This message was edited 2 times. Last update was at 2021/05/08 07:13:58


 
   
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 Canadian 5th wrote:
ccs wrote:
I do not own a house so that I can play games. I own a house to live in it. The perks of owning a house where I do is a combination of cost of living, nearness to family/friends, like the area/community, and a non-terrible commute distance. Oh yeah, it also has enough space to hold all my crap & allow me to host games for a select invite list.

I live in a city where a 'cheap' home starts at $1,000,000 and where rent tends to start at $1,500 for a single bedroom dump and rises rapidly from there. Owning a home is beyond most people here so consider yourself lucky.

The car....
I own a car because it's practically a necessity. There is no viable public transportation where I live. Walking, though certainly the healthy option, would be far too slow. Biking is also too limited. The days of horse & buggy are about a century past (and I have no real means to care for a horse). Thus I need a car.

The use public transit system is a mess, but this is less true in Canada and Europe so many people my age and younger don't own cars. Thus making 40k even more difficult to play.

Really? I have a TV on my wall that costs as much as a 40k army.

A multi-hundred dollar TV is again difficult for a lot of people to afford without saving for it. Consider yourself lucky that you can likely afford to replace it if it breaks and never worry about paying for netflix and internet access, not everybody is so fortunate.


The housing situation sounds like here, you in BC?

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Spoiler:
Dai wrote:
C5th has some fair points here and it is not entirely fair to dismiss Karol's experience (or anyone who can just about afford to experience the hobby in some way). That said as I stated previously I think it important to remind Karol that life and people are not always so bloody awful, his posts actually concern me at times.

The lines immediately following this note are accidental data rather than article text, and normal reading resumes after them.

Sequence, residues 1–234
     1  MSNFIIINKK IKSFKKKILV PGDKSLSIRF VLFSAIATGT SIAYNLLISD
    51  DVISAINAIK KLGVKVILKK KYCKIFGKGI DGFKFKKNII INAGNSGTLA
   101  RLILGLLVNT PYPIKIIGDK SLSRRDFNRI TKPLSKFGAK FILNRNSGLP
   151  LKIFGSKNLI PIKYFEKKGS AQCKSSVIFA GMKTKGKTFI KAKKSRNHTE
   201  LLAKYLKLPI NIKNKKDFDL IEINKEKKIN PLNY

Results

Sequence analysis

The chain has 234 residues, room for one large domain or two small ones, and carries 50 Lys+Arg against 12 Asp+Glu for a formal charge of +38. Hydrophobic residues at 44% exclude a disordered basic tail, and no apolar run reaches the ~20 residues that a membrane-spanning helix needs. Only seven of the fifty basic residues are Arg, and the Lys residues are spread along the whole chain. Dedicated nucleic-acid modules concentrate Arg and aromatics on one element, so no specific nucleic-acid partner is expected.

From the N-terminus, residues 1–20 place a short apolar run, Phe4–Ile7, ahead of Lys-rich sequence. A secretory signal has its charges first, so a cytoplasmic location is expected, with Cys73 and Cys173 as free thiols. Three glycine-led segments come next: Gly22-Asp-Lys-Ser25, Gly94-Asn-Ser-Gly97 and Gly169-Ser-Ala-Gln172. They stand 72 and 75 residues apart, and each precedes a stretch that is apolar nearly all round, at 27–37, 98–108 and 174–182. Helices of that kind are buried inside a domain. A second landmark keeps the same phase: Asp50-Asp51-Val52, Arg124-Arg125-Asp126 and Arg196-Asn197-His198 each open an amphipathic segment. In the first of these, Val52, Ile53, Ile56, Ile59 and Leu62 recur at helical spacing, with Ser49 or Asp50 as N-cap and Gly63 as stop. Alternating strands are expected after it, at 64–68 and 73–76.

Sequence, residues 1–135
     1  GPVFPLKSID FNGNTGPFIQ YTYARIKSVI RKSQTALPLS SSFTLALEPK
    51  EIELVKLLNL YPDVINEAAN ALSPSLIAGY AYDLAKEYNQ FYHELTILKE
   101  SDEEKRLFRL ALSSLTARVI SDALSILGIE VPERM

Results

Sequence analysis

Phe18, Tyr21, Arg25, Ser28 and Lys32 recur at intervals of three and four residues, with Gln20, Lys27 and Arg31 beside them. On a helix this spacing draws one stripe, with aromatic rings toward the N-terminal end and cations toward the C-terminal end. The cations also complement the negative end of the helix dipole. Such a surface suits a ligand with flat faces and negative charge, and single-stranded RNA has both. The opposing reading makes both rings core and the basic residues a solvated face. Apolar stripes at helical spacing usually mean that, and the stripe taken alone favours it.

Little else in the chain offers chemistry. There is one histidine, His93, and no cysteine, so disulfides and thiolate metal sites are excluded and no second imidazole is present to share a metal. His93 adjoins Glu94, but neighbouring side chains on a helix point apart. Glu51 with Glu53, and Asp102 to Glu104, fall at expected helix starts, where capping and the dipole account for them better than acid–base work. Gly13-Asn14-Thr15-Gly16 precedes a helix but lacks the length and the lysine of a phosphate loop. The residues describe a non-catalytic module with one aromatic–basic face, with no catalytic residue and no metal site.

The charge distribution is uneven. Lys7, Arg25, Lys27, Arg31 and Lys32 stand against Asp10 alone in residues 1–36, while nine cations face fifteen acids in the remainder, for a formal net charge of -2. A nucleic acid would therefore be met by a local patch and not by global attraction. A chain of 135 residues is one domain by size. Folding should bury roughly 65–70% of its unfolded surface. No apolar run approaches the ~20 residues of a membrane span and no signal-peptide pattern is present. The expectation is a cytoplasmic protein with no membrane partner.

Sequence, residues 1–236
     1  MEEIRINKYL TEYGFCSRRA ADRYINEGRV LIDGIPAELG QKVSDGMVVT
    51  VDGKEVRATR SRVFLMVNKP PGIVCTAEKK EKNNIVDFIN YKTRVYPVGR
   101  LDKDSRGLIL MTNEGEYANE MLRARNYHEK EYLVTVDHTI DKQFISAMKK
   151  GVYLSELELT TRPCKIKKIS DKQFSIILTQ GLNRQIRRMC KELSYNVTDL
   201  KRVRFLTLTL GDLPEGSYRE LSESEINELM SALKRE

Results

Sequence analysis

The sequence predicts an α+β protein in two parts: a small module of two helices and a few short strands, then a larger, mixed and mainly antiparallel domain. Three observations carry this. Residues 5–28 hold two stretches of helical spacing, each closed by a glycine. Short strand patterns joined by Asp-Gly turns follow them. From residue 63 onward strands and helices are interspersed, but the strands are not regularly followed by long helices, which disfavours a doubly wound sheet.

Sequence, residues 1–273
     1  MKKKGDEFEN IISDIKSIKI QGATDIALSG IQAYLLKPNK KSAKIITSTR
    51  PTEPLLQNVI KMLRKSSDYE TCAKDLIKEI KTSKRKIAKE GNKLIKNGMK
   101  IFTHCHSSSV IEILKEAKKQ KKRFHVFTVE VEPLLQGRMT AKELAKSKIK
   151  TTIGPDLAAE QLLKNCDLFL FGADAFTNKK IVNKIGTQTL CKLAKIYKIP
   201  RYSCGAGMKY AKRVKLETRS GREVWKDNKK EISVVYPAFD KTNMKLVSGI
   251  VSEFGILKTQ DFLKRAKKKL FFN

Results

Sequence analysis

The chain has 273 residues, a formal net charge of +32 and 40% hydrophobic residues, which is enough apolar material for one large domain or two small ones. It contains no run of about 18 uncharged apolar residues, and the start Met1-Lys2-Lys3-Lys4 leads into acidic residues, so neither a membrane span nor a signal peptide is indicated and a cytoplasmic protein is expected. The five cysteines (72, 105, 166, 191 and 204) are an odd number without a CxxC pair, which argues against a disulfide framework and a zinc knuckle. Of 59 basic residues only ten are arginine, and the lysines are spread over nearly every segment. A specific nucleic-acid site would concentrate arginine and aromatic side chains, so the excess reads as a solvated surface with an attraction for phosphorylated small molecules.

And no this is not just a cultural "Poland" thing. I've lived and spent a lot of time in central and eastern Europe including Poland. I've a Russian parent and a Romanian parent so am relatively keyed in to the different cultures of the areas.

The only people dismissing others experiences are Karol and Canadian. Both have fully ignored others who have given their views and decided only their opinions matter for some reason.
   
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 Canadian 5th wrote:
If people here are so 'casual' why do they care if they play nothing but WAAC tournament grinders? If you care enough to set up a crusade campaign or a narrative game that isn't exactly casual.


Be casual is more about having fun with the other person, talking, hanging out, throwing dice. I don't want to set up my minis for 2 turns and get tabled without any fun play. Thats like playing pool with friends and having a drink then some pro comes up and hits 4 to 1 balls in each round and talking or drinking, yeah thats not why me and my friends are there.

It seems like you are trying really are to push a narrative, at this point I truly believe you are trolling or trying to start arguments on purpose.

This message was edited 1 time. Last update was at 2021/05/08 12:01:50


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Canadian 5th wrote:If people here are so 'casual' why do they care if they play nothing but WAAC tournament grinders? If you care enough to set up a crusade campaign or a narrative game that isn't exactly casual.
Because WAAC tournament grinders aren't casual. It's like you've not been reading what people are defining the "casual" experience as, and are battling your own made-up definition.

JNAProductions wrote:If you don’t have fun, why play?
Exactly.

Dai wrote:C5th has some fair points here and it is not entirely fair to dismiss Karol's experience (or anyone who can just about afford to experience the hobby in some way). That said as I stated previously I think it important to remind Karol that life and people are not always so bloody awful, his posts actually concern me at times.
Yes, agreed - but I don't see anyone entirely dismissing Karol's experience. People are (quite rightly) reminding Karol that their claims about how humans are all inherently evil and everyone's out to disadvantage you and there's no such thing as good in the world are not universal. Karol's experiences are definitely not to be ignored, but they do not apply to everyone, in the same way that other people's experiences don't necessarily apply to Karol.

As Gert says,
Gert wrote:The only people dismissing others experiences are Karol and Canadian. Both have fully ignored others who have given their views and decided only their opinions matter for some reason.
- which is something I also say to be accurate.

Karol's experiences are valid, but not universal. Canadian's ways of enjoying themselves are valid, but not universal. Neither of the two seem to be able to understand that, and are insistent on devaluing the valid experiences of others.



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It is because there is no "common language" to casual play.

The core rules are a shared and understood lens through which to converse about the game, it requires no pre-ambling or contextualizing. The "objective" of the game mechanically, winning, is an easy concept to discuss and the natural path of least resistance will lead to discussing how best to win overtime.

Anything else requires a conversation of context-setting and explicit premises. Which is small friction, but enough to make casual play an uncommon subject amongst strangers on the internet when compared to competitive play.